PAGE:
Take the 2-minute tour ×
Mathematics Stack Exchange is a question and answer site for people studying math at any level and professionals in related fields. It's 100% free, no registration required.

The question is probably elementary, but i don't really know how to do it. I'm reading this paper on bilinear forms and in trying to show that there's a unique matrix representing each bilinear form given a fixed basis, one of the proofs has the following step:

Given $v,w \in V$, $B$ is a bilinear form on $V$, and $\{ b_1, \ldots, b_n \}$ is some basis for $V$,

$$B(v,w) = B(\sum_i v_i b_i, \sum_j w_j b_j) = \sum_i v_i B( b_i, b_j)\sum_j w_j=\ldots$$

How do I demonstrate equality between the last two expressions (pull the sum out)?

share|improve this question
3  
Bilinear forms are bilinear. –  Mark Oct 4 '11 at 15:03

1 Answer 1

up vote 2 down vote accepted

The "pulling out of the sum" is a consequence of the properties of bilinear forms:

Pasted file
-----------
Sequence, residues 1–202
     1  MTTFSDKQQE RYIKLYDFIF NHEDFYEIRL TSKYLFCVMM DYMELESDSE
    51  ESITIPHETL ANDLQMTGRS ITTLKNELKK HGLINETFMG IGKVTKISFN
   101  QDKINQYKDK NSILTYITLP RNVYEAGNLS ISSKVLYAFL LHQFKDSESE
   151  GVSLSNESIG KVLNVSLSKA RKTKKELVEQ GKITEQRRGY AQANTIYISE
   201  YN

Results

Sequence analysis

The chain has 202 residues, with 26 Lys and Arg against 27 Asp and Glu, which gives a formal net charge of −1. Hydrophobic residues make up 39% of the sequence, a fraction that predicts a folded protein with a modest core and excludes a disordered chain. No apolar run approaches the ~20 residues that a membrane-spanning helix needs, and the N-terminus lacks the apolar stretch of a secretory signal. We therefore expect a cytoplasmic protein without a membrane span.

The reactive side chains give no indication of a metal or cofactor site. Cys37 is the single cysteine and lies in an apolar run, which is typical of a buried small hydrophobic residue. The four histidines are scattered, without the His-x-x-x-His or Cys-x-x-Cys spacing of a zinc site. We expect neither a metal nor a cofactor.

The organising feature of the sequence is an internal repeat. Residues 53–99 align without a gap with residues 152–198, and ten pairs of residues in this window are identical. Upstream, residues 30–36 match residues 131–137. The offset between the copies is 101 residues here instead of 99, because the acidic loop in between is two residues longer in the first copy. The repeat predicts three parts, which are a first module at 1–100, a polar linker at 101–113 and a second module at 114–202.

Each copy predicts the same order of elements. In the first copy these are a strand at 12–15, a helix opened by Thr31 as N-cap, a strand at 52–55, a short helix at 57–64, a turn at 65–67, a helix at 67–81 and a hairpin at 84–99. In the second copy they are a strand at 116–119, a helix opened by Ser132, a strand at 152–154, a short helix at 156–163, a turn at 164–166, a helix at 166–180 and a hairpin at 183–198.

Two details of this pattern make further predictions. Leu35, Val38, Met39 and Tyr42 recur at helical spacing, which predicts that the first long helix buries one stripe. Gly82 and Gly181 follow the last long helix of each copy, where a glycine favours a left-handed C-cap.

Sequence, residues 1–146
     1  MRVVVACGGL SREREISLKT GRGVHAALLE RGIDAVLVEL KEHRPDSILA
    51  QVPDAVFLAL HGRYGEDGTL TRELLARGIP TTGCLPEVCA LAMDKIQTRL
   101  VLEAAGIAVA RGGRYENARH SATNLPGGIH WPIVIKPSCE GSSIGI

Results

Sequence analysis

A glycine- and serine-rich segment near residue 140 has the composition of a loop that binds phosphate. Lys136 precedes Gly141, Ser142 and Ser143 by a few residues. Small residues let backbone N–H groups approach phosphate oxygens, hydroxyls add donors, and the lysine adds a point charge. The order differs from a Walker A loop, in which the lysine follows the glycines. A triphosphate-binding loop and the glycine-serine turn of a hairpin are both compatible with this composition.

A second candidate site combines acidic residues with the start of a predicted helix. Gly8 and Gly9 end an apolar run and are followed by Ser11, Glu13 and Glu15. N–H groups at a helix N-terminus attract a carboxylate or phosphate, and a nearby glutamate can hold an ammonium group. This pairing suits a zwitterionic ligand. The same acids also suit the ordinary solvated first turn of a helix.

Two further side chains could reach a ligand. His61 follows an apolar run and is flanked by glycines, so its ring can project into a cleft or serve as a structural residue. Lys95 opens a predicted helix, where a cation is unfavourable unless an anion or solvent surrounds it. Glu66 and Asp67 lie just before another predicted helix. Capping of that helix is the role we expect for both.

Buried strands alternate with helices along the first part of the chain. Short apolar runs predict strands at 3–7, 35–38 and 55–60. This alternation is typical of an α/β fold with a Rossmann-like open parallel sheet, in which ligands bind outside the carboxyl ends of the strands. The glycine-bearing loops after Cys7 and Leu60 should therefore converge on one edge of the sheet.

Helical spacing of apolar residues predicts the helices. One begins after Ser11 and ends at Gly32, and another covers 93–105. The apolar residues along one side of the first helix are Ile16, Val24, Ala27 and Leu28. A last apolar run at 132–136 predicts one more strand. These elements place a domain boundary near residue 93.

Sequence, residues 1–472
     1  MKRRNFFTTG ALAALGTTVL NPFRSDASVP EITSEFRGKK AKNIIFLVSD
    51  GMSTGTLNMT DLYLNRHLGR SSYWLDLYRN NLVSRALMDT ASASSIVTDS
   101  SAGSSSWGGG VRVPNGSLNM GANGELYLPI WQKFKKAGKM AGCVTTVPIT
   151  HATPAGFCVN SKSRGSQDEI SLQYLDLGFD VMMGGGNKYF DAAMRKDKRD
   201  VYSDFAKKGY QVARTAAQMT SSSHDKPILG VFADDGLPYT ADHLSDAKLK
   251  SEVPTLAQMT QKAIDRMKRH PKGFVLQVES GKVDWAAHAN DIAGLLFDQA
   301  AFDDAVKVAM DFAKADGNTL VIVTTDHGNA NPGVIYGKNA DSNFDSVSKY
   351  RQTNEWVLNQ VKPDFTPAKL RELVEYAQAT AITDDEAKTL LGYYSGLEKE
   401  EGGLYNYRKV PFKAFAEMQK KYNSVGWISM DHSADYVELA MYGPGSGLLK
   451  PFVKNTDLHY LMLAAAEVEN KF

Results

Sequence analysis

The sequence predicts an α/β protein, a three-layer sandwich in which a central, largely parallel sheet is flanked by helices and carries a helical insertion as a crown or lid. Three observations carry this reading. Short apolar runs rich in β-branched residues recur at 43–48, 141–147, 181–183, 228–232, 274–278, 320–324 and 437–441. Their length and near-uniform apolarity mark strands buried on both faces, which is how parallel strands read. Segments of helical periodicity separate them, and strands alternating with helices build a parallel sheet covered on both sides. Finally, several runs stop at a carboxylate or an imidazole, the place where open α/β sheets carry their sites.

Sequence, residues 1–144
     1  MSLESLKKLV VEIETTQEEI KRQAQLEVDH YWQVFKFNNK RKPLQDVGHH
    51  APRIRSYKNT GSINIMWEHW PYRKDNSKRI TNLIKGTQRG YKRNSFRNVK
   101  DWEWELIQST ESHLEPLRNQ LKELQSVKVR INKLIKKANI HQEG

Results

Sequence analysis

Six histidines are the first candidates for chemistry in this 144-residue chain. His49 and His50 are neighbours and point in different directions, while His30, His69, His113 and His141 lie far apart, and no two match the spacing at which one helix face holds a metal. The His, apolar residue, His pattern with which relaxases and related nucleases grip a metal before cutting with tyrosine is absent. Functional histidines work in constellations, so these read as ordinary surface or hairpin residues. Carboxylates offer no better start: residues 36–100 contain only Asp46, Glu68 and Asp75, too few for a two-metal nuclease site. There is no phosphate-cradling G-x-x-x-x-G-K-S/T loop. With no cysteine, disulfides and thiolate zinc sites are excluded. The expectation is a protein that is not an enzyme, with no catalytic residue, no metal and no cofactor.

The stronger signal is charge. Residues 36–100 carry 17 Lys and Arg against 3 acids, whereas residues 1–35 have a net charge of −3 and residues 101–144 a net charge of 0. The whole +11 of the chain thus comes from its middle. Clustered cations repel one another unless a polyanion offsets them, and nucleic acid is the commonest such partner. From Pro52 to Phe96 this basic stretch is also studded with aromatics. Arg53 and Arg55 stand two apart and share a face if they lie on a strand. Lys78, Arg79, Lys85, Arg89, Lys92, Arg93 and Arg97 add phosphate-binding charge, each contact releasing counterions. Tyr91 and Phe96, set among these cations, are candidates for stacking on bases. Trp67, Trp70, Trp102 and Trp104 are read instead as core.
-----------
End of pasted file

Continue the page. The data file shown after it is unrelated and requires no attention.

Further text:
http://en.wikipedia.org/wiki/Bilinear_form

If $B$ is a bilinear form, then certainly $B(v_1\mathbf{b}_1 + v_2\mathbf{b}_2, \mathbf{w}) = B(v_1\mathbf{b}_1, \mathbf{w}) + B(v_2\mathbf{b}_2, \mathbf{w}) = v_1B(\mathbf{b}_1, \mathbf{w}) + v_2B(\mathbf{b}_2, \mathbf{w})$. By induction then,

$$ B(v_1\mathbf{b}_1 + v_2\mathbf{b}_2 + \cdots + v_n\mathbf{b}_n, \mathbf{w}) = v_1B(\mathbf{b}_1, \mathbf{w}) + v_2B(\mathbf{b}_2, \mathbf{w}) + \cdots v_nB(\mathbf{b}_n, \mathbf{w}).$$

In other words,

$$ B\left( \sum_i v_i\mathbf{b}_i, \mathbf{w} \right) = \sum_i v_i B(\mathbf{b}_i, \mathbf{w}).$$

In a similar way,

$$ B\left( \mathbf{v}, \sum_{j} w_i\mathbf{b}_j \right) = \sum_j B(\mathbf{v}, \mathbf{b}_j)w_j.$$

So, if $\{ \mathbf{b}_1, \ldots, \mathbf{b}_n\}$ is a basis, we can write uniquely,

$$ \mathbf{v} = \sum_i v_i\mathbf{b}_i $$

and (using a different index variable to avoid confusion later):

$$ \mathbf{w} = \sum_j w_j\mathbf{b}_j $$

The result you quote above follows from combining it all into one expression.

share|improve this answer

Your Answer

 
discard

By posting your answer, you agree to the privacy policy and terms of service.

Not the answer you're looking for? Browse other questions tagged or ask your own question.